One month on from Cyclone Idai, Oxfam and its partner organisations in Mozambique are still finding thousands of isolated people cut off from any aid or rescue.
Cyclone Idai swept through Mozambique, Malawi and Zimbabwe in the middle March, killing more than 750 people and leaving almost three million people in need of humanitarian assistance.
A few days ago, following a 24-hour journey via car, motorbike and canoe, Oxfam found approximately 2000 people in desperate need of help in Gentivo, an isolated community in Zambézia province, north of Beira – and was unable to reach a further 4,000 people in the community. They had no contact with outside help and were surviving off dates, coconuts and a few small fish they could catch.
Oxfam and other agencies are now planning an air drop of life saving supplies into Gentivo. But with many other people still stranded and isolated, Oxfam is concerned that thousands may not receive the emergency help they need.
Dorothy Sang, Oxfam’s Humanitarian Advocacy Manager, said:
“The tragedy is that Gentivo is not an anomaly. We know there are many more people still out there cut off from help. The further we spread into hard-to-reach areas, the more people in need we are going to find. These are areas that have not necessarily been hit hardest by the disaster, but the people are already living in chronic poverty and now face huge challenges to survive. They risk becoming utterly forgotten.”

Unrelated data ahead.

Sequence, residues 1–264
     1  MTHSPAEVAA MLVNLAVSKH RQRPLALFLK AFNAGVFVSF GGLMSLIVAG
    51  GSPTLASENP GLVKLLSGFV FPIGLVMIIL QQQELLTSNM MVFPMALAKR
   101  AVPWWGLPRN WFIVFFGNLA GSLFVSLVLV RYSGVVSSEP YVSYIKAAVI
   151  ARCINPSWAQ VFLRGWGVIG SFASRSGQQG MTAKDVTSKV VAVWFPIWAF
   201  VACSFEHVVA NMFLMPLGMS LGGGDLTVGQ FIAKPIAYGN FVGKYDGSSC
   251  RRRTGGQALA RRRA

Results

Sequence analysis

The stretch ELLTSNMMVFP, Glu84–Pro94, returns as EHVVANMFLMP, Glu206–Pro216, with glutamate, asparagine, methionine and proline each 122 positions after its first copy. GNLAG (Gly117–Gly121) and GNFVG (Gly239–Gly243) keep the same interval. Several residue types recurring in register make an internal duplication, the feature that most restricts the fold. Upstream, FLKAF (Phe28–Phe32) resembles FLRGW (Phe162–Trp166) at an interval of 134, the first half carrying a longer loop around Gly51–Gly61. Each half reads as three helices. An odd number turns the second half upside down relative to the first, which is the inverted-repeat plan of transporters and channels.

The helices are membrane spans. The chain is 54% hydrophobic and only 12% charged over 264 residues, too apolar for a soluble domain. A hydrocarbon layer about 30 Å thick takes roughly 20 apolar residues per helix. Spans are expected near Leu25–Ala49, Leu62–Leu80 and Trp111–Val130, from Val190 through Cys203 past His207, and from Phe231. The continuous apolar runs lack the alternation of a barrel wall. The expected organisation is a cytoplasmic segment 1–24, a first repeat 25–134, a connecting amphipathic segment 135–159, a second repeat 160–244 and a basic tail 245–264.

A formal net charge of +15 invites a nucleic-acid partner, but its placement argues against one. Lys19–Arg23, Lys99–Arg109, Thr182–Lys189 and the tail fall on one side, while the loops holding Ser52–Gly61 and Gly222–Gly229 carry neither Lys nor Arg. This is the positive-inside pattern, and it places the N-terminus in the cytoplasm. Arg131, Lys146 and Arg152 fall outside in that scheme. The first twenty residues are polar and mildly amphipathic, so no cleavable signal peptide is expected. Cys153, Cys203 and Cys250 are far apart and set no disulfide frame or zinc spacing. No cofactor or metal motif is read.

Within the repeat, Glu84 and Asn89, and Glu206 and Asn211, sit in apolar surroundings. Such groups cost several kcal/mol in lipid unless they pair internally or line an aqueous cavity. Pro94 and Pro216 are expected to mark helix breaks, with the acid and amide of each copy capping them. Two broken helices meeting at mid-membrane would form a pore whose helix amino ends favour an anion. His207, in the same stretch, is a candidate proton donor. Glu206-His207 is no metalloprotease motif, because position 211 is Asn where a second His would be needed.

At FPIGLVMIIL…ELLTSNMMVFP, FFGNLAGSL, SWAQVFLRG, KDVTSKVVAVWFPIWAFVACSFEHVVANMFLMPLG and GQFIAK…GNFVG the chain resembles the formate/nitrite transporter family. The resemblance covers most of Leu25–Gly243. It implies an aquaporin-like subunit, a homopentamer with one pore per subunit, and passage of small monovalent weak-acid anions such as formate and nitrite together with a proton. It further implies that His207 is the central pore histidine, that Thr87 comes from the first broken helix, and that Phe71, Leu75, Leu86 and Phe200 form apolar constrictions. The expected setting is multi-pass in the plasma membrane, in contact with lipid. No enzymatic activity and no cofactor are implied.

Marcos Paulo do Amaral from Oxfam’s local partner, CECOHAS, said:
“In Zambézia region we still have many communities without access to humanitarian aid, completely isolated and left behind. They need virtually everything – food, water, shelter, sanitation and hygiene systems, and health care.”
Oxfam is a member of The Disaster Emergency Committee (DEC) which raised over £27m to help survivors of Cyclone Idai. Along with local partners in Mozambique, Oxfam has so far reached over 50,000 people with clean water, emergency supplies and public health activities to help stop the spread of cholera. There have been more than 4000 recorded cases of cholera to date.
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Note to editors
The trip to Gentivo was made in partnership with local organisation, CEOCOHAS and as part of a consortium with Save the Children and Care. Centro de Coordenação Para Higiene Água e Saneamento (CECOHAS) has been an Oxfam partner since 2013. CECOHAS specializes in providing hygiene, water and sanitation in Zambézia province.
Oxfam in Mozambique is part of a consortium with Save the Children and CARE called COSACA. The three agencies work together to maximise reach and impact in emergency situations.
Oxfam is calling for more international funding to support the humanitarian response as the full impact of the Cyclone Idai becomes apparent. The UN said $282m is needed for Mozambique alone.